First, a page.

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>> happy anniversary to the hemmers. >> see you tomorrow. jenna: 52 years deserves its own fox news alert. congratulationses to mr. and mrs. hemmer. we have another fox news alert for you right now. we're expecting a big announcement from major league baseball. judgment day for alex rodriguez and 13 other players for the doping scandal shaking up the sport. the commissioner is expected to hand down a lengthy suspension for a-rod. the third baseman can appeal the decision making him eligible to take the field for the yankees tonight. stay with us for fox news and the latest breaking news a little later this hour on what the controversy could mean for a-rod and the sport of baseball going forward. first right now we have brand new stories and breaking news. >> hello, everyone. did she lie? opening argue in a legal showdown whether this woman knew
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her former boss was behind her husband's mother. now a jury will decide. a sugary drink a day is all it takes to the risk the long-term damage to a child's health. what you need to know before they take the next zip. going airborne. the search is on for the driver before he gets behind the wheel again. it is all happening now jenna: growing fear al qaeda is ready to lawn after serious attack. intel from that the most serious threat since nine loaf ven is operational. good to see you on a monday. i'm jenna lee. welcome to happing now. welcome to kelly wright. >> good to be here. we hear operatives are in place
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to launch one or more deadly attacks potentially in the middle east or or here in america. al qaeda in the arabian peninsula based in yemen identified as the primary force behind the plot. lawmakers on the sunday talk shows sacreddable threat suggest that a major attack is about to happen. >> there is awful lot of chatter out there among terrorists about the planning that is going on. very reminiscent of what we sue saw pre9/11. this is the most ear russ threat i've seen in the last several years. >> we need to know and realize we're living in an increasingly dangerous world. this specific threat that we've been briefed on over and over again has reach ad new level. >> this is a wake-up call. al qaeda in any ways stronger than it was before 9/11 because it has mutated and spread and can come at us from different directions. al qaeda in a arabian peninsula is the most deadly of the
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al qaeda affiliates. >> 19 diplomatic posts are closed through end the week. britain, france and germany closing their embassies in yemen. jennifer griffin is live at the pentagon. jennifer, how unusual is this warning? >> reporter: it is very unusual, kelly. the state department as you mentioned the 19 u.s. embassies and consulates mostly in the middle east will close through the end. week. intelligence sources say this is not a dress rehearsal. there is some word that it could involve surgically implanted device. there is word that a al qaeda in the arabian peninsula has a media plan in place for after the attack. >> after benghazi these al qaeda types are on steroids thinking we're weaker and they're stronger. the assumption it is probably most likely to happen in the middle east or about one of the embassies. but there is no guaranty at all. it basically could be europe, it could be. united states, it could be a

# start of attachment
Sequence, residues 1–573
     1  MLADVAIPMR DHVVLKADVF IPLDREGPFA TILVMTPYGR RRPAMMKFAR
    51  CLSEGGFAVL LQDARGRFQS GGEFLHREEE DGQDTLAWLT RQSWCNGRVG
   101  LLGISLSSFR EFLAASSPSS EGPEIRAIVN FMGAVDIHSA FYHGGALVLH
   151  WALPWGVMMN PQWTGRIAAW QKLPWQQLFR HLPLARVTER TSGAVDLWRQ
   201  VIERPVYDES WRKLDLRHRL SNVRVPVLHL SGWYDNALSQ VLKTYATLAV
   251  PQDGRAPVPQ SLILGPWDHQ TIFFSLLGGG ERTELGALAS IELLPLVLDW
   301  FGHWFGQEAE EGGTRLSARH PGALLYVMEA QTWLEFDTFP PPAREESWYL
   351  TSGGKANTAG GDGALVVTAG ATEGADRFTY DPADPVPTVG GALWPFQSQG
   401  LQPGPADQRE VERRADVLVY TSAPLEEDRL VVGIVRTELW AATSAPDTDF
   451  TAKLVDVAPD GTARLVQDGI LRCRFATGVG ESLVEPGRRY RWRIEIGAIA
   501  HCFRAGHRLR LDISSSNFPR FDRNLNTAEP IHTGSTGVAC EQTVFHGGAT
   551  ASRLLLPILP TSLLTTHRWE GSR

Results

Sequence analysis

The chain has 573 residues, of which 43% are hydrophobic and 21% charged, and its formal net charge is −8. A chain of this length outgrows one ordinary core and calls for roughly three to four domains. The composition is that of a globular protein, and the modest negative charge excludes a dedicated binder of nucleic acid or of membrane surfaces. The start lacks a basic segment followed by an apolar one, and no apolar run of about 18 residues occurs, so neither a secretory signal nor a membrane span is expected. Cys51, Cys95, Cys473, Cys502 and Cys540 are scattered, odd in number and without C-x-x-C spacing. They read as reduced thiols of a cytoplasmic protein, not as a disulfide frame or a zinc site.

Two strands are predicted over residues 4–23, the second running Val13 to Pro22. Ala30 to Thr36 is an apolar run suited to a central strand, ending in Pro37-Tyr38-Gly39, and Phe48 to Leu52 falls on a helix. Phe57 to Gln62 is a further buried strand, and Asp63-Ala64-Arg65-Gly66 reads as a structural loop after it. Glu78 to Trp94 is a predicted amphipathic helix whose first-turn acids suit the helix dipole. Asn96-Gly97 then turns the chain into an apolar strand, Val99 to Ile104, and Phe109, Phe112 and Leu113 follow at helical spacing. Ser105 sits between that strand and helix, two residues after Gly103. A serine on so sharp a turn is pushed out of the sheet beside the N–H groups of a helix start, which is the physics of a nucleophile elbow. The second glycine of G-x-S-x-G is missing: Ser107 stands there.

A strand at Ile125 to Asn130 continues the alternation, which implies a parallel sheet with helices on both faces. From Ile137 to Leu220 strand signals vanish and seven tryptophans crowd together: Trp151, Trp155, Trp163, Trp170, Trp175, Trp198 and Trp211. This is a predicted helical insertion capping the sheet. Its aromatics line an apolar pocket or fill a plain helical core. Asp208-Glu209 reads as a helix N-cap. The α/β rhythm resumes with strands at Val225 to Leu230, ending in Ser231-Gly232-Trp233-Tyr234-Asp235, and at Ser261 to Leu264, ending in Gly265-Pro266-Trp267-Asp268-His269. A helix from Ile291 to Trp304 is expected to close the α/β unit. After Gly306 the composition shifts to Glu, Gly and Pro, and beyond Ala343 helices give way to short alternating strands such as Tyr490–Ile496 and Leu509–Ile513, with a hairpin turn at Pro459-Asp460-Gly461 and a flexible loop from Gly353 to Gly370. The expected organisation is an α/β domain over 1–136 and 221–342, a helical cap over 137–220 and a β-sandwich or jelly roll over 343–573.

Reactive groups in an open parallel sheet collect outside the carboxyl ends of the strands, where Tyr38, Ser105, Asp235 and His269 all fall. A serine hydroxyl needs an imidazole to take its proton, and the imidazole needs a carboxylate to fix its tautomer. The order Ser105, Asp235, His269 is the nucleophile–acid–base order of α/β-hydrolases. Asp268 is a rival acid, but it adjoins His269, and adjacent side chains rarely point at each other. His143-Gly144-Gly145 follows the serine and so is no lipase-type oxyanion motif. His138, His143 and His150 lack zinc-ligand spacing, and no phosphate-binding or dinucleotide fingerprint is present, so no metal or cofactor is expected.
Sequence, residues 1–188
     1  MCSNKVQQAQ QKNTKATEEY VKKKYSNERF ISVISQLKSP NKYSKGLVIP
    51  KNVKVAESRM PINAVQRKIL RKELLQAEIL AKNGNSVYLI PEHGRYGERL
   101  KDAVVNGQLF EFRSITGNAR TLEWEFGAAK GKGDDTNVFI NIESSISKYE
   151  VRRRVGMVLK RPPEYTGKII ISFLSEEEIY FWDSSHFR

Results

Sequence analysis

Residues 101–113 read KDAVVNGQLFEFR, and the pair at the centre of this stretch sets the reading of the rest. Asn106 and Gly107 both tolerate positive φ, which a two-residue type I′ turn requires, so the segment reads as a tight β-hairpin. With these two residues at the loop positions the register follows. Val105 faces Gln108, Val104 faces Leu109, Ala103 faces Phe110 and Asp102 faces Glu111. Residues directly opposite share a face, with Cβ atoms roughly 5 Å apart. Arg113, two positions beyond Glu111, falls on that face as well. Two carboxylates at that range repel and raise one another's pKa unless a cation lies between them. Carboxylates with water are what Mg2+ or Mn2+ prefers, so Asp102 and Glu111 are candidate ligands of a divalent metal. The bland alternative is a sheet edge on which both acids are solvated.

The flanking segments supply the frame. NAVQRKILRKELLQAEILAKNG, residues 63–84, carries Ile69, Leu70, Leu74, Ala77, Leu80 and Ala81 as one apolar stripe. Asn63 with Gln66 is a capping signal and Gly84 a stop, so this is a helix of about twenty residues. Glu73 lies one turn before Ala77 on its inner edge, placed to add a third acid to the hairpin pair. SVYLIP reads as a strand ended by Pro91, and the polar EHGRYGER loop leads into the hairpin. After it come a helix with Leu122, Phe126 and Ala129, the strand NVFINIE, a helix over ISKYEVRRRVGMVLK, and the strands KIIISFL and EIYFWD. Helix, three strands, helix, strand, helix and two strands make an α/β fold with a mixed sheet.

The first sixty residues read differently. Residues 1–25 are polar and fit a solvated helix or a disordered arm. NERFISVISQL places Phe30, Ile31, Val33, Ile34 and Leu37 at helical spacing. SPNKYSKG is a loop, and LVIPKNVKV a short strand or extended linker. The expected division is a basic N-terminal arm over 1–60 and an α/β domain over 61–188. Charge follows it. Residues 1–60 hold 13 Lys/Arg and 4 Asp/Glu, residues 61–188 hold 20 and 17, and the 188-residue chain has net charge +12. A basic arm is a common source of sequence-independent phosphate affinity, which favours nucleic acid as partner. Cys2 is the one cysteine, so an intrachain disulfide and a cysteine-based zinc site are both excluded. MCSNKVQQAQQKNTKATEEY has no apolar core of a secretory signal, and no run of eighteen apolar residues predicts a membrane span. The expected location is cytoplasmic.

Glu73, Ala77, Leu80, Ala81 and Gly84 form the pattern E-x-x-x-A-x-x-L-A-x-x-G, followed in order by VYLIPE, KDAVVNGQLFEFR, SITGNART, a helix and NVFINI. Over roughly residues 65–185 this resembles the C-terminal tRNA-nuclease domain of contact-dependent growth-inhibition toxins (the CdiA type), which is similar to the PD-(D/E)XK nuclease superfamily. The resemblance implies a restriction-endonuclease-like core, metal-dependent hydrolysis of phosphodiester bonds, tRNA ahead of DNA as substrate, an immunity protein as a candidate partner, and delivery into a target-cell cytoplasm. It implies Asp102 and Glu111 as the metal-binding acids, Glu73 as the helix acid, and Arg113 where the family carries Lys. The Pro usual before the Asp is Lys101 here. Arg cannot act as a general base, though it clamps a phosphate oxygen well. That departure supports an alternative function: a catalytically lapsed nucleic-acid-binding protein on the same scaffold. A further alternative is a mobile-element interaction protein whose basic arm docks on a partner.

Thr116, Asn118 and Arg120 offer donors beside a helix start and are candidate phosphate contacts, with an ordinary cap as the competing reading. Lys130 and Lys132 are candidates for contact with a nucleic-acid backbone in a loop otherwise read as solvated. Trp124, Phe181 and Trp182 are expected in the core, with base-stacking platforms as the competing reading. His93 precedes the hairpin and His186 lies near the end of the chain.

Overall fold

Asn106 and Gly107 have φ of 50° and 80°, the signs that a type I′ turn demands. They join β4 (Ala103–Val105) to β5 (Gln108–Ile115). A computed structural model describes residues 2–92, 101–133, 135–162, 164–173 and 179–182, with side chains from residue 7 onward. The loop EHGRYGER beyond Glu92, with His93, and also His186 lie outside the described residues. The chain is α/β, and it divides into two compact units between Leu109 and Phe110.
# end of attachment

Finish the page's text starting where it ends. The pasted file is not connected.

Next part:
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series of combined attacks. >> reporter: what is most unusual, kelly, to hear politicians on both sides of the aisle this weekend supporting the obama administration's decision to handle the intelligence in the way that they have in terms of closing these embassies and consulates. >> given the climate in washington right now, that is most unusual. is there any feeling this is the government issuing a warning at a time when the nsa is under scrutiny for its broad-reaching surveillance programs? >> reporter: well, clearly the information came as a result of those nsa surveillance programs. the doubters may think so but even congressman pete king, republican from new york, former head of homeland security and the administration's most vocal critic says no. >> we can't criticize them for doing too little with benghazi and not criticize them for doing too much. i give them credit for learning from benghazi and that's why they're firming up the embassies. as far as the worldwide alert i think it is absolutely warranted